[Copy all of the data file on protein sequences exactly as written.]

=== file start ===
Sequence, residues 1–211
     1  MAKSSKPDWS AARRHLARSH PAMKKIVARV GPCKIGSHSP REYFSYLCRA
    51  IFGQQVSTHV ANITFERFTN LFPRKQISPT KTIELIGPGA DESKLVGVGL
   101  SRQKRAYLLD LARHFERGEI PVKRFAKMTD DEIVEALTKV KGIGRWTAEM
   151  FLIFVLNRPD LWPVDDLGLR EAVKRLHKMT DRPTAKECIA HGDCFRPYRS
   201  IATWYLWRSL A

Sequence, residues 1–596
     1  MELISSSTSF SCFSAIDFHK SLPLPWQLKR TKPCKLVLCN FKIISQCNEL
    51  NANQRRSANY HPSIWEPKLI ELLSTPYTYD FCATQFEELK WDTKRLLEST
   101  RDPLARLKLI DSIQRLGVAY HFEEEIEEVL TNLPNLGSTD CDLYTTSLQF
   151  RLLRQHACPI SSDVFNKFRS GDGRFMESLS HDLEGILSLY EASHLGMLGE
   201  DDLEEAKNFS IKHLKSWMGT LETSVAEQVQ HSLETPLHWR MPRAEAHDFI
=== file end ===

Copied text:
Sequence, residues 1–211
     1  MAKSSKPDWS AARRHLARSH PAMKKIVARV GPCKIGSHSP REYFSYLCRA
    51  IFGQQVSTHV ANITFERFTN LFPRKQISPT KTIELIGPGA DESKLVGVGL
   101  SRQKRAYLLD LARHFERGEI PVKRFAKMTD DEIVEALTKV KGIGRWTAEM
   151  FLIFVLNRPD LWPVDDLGLR EAVKRLHKMT DRPTAKECIA HGDCFRPYRS
   201  IATWYLWRSL A

Sequence, residues 1–596
     1  MELISSSTSF SCFSAIDFHK SLPLPWQLKR TKPCKLVLCN FKIISQCNEL
    51  NANQRRSANY HPSIWEPKLI ELLSTPYTYD FCATQFEELK WDTKRLLEST
   101  RDPLARLKLI DSIQRLGVAY HFEEEIEEVL TNLPNLGSTD CDLYTTSLQF
   151  RLLRQHACPI SSDVFNKFRS GDGRFMESLS HDLEGILSLY EASHLGMLGE
   201  DDLEEAKNFS IKHLKSWMGT LETSVAEQVQ HSLETPLHWR MPRAEAHDFI